Building a working budget on a college income

Jamie Schartz

The key to building a sturdy budget, especially when one is just starting out and may not have a ton of wiggle room, is prioritizing what needs to be paid first. What is going to cause the most problems if you don’t pay it? Is the behemoth popcorn really necessary when you go to the movies? Even if it is, will you still be able to pay your rent?

To start your budget, first identify how much money you actually have. Include paychecks, tips, savings (if you want to), parental contributions and scholarships.

Second identify how much you need. Items in this category should be things that you have to have to survive (rent, bills, food, etc.). The need category should be fairly equal in terms of importance. However, depending on when they are due, and how often you get paid, you may have to choose which gets paid first. Remember, need and want are two very different things.

Finally, identify what you want. This can include saving for bigger items, putting aside a nest egg or going out with friends. This should also include your car, your pet, your cell phone, school and Internet. Your want category will take the most prioritizing. Everything here should be stuff you can live without, even if it makes your life a little more difficult. Believe it or not, you can live without your cell phone and home Internet access, and Fido will forgive you if you have to leave him at Mom and Dad’s house for a few years.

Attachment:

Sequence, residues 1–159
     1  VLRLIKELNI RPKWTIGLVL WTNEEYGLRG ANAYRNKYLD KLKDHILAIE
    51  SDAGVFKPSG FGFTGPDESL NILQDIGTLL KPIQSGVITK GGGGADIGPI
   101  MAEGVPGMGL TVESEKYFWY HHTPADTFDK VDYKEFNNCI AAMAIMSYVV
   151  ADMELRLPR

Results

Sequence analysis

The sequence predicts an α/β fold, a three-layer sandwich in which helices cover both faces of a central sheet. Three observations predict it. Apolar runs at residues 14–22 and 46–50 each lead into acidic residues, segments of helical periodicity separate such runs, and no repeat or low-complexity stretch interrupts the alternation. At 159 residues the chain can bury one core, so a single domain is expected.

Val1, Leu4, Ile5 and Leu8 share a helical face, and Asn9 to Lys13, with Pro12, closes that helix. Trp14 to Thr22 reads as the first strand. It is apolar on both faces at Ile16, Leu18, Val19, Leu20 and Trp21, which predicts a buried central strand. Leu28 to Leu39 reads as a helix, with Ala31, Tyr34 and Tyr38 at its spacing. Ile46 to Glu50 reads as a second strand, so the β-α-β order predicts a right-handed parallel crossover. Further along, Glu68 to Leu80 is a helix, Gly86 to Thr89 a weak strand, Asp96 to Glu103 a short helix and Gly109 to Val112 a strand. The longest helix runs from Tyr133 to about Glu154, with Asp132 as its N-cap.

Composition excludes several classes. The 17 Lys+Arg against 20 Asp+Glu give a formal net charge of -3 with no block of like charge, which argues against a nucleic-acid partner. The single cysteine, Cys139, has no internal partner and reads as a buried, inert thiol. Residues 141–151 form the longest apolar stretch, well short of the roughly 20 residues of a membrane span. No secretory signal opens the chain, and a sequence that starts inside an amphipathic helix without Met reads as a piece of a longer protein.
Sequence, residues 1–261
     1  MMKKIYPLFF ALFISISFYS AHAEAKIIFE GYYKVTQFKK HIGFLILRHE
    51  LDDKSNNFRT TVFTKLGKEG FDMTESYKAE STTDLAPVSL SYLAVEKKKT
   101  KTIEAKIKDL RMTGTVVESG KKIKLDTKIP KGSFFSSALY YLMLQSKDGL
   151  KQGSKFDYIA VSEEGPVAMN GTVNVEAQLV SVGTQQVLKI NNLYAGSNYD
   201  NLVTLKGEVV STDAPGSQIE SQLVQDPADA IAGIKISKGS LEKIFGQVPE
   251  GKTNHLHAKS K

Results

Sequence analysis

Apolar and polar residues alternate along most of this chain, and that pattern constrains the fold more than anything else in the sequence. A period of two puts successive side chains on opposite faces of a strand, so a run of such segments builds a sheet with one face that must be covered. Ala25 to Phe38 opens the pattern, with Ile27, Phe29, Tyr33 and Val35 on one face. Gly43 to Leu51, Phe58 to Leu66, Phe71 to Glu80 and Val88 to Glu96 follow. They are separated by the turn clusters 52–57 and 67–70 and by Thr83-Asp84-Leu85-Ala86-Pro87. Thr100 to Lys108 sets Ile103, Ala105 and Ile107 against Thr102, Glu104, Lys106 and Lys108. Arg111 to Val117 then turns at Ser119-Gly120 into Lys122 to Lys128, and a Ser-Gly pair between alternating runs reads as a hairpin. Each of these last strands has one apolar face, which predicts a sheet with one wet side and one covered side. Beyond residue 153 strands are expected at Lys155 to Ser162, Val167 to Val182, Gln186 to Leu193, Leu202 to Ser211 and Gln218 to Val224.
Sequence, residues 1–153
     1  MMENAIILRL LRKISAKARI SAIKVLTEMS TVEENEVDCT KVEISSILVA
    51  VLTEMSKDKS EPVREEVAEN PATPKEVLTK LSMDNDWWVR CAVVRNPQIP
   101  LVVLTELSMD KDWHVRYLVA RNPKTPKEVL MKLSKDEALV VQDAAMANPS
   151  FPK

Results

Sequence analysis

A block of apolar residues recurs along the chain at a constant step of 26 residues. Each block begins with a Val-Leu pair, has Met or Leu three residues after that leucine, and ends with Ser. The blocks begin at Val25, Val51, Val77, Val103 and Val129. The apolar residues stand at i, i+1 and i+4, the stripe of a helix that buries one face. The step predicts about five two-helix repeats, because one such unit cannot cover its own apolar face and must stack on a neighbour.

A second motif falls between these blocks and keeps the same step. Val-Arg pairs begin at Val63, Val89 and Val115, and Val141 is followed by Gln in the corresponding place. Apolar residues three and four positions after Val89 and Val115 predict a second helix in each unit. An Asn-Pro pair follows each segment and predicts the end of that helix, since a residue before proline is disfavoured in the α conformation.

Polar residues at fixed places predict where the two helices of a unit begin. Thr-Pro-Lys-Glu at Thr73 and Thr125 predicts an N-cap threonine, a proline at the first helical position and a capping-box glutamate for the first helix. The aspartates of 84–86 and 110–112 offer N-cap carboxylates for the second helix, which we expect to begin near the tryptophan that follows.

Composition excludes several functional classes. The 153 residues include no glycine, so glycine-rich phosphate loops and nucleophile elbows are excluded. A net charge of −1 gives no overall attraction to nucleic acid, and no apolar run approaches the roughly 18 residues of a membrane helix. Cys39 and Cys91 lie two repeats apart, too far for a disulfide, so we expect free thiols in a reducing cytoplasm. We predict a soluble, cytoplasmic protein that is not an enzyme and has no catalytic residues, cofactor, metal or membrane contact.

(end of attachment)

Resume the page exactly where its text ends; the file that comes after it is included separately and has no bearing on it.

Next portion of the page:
Example: Jane is a 21 year old student. She works about 25 hours a week in a bakery that pays $5 per hour. She also makes about $100 per week in tips. Jane’s parent’s send her $150 every month to help her pay for school. She also has a $2500 scholarship from her school. Jane’s total income per month is $750 plus her scholarship.

The rent for Jane’s apartment is $350 per month. Her apartment complex pays all utilities except electricity, which costs about $50 per month. Jane also pays $50 per month for internet and $35 per month for her cell phone. She budgets $100 per month for food and $25 per month for gas. She wants to buy a new computer which will cost her $200. Jane is saving $15 every month for it. Finally, Jane’s tuition is $3000 per semester, which she makes payments of $100 every month after her scholarship is taken out. Jane’s expenses total $625 per month.


















Cell Phone














Computer Savings





This budget leaves Jane with $25 every month to do whatever she wants with. This is often referred to as “funny money.” Jane usually uses this money to go out with her friends, but sometimes she has not budget quite enough, and she has to use this $25 to buy extra gas or food.

Remember that if you are just starting out, it is okay to mess up. Budgeting takes practice. It’s helpful if you have a little money saved up, but it’s not necessary. If you include Saving as one of your expenses, it’s actually pretty easy to get a little money squirreled away in the bank. Be wary of impulse buys and expensive purchases. Be sure your bank account can take the hit. That awesome new computer won’t be so great when you get kicked out of your apartment for not paying rent.